Childhood Immunisations


    These are the routine vaccinations that are offered free of charge on the NHS to all babies and children in the UK.

    5-in-1 vaccine

    Protects against: diphtheria, tetanus, whooping cough, polio and Hib (Haemophilus influenzae type b)

    Given at: 8, 12 and 16 weeks of age

    Read more about the 5-in-1 vaccine

    Pneumococcal or pneumo jab (PCV)

    Protects against: some types of pneumococcal infection

    Given at: 8 weeks, 16 weeks and one year of age

    Read more about the pneumococcal jab

    Rotavirus vaccine

    Protects against: rotavirus infection, a common cause of childhood diarrhoea and sickness

    Given at: 8 and 12 weeks of age

    Read more about the rotavirus vaccine

    Men B vaccine

    Protects against: meningitis (caused by meningococcal type B bacteria)

    Given at: 8 weeks, 16 weeks and one year of age

    Read more about the Men B vaccine.

    Hib/Men C vaccine

    Protects against: Haemophilus influenzae type b (Hib) and meningitis caused by meningococcal group C bacteria

    Given at: one year of age

    Read more about the Hib/Men C vaccine.

    MMR vaccine

    Protects against: measles, mumps and rubella

    Given at: one year and at three years and four months of age

    Read more about the MMR jab

    Children's flu vaccine

    Protects against: flu

    Given at: annually as a nasal spray in Sept/Oct for ages two, three and four and children in primary school years one, two and three

    Read more about the flu vaccine for children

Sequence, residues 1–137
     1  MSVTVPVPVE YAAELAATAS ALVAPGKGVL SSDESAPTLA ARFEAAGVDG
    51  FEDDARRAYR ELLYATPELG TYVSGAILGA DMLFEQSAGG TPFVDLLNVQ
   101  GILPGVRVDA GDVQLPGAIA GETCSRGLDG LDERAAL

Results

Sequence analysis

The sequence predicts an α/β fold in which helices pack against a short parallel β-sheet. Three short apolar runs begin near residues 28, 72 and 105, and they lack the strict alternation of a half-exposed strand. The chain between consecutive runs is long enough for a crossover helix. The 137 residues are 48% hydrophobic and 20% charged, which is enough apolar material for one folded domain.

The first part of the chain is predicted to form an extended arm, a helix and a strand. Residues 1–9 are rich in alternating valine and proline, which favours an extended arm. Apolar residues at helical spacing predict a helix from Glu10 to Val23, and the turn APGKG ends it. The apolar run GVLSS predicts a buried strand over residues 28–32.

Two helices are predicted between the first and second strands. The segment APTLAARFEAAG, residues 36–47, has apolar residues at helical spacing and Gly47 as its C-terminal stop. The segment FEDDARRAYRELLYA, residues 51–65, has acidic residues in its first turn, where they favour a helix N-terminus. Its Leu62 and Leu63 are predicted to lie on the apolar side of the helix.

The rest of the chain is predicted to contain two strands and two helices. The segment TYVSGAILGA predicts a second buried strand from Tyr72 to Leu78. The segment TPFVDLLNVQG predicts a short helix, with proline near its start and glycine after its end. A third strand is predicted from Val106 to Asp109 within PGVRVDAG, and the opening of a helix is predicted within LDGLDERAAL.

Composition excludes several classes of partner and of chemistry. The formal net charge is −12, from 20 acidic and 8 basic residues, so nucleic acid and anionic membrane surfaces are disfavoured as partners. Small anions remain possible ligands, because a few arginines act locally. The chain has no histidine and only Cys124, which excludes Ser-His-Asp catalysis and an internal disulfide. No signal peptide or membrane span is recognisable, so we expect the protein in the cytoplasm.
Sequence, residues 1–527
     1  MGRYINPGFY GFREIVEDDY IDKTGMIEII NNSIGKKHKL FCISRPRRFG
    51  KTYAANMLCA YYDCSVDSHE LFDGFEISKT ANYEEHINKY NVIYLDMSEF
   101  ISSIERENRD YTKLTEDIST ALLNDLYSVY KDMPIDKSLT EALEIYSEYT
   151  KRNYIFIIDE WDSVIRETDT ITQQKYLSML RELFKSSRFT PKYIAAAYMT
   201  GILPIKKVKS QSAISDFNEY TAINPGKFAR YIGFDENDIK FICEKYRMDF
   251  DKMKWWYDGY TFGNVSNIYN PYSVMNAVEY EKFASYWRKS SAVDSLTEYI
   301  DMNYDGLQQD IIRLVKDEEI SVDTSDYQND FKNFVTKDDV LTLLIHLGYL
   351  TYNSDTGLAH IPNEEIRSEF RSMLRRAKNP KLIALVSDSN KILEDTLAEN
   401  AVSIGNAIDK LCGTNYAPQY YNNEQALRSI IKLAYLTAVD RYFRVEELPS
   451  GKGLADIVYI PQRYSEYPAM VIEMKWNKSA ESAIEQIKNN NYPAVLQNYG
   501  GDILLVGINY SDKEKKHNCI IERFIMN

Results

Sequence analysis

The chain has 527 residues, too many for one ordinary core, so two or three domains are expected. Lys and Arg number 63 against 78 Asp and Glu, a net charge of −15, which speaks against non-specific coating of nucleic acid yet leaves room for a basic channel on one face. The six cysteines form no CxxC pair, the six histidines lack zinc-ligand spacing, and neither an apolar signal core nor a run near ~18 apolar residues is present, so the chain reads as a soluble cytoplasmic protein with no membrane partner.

4-in-1 pre-school booster

    Protects against: diphtheria, tetanus, whooping cough and polio

    Given at: three years and four months of age

    Read more about the DTaP/IPV pre-school booster

    HPV vaccine (girls only)

    Protects against: cervical cancer

    Given at: 12-13 years as two injections at least six months apart

    Read more about the HPV vaccine

    3-in-1 teenage booster

    Protects against: tetanus, diphtheria and polio

    Given at: 14 years

    Read more about the 3-in-1 teenage booster

    Men ACWY vaccine

    Protects against: meningitis (caused by meningococcal types A, C, W and Y bacteria) 

    Given at: 14 years and new university students aged 19-25

    Read more about the Men ACWY vaccine

    Optional vaccinations

    These vaccinations are offered on the NHS in addition to the routine programme to "at-risk" groups of babies and children.

    Chickenpox vaccination

    Protects against: chickenpox

    Who needs it: siblings of children who have suppressed immune systems and are susceptible to chickenpox, for example because they're having cancer treatment or have had an organ transplant.

    Given: from one year of age upwards. Children receive two doses of chickenpox vaccine given four to eight weeks apart.

    Read more about the chickenpox jab

    BCG (tuberculosis) vaccination

    Protects against: tuberculosis (TB)

    Who needs it: babies and children who have a high chance of coming into contact with tuberculosis

    Given: from birth to 16 years of age

    Read more about the BCG vaccine

    Flu vaccination

    Protects against: flu

    Who needs it: children with certain medical conditions or a weakened immune system, which may put them at risk of complications from flu

    Given: for children between the ages of six months and two years as a single jab every year in September/November. For children aged two to 17 years of age as a nasal spray every year in September/November

    Read more about the nasal spray flu vaccine

    Read more about the flu jab

    Hepatitis B vaccination

    Protects against: hepatitis B

    Who needs it: children at high risk of exposure to hepatitis B, and babies born to infected mothers

    Given: at any age, as four doses are given over 12 months  a baby born to a mother infected with hepatitis B will be offered a dose at birth, one month of age, two months of age and one year of age

    Read more about the hepatitis B vaccine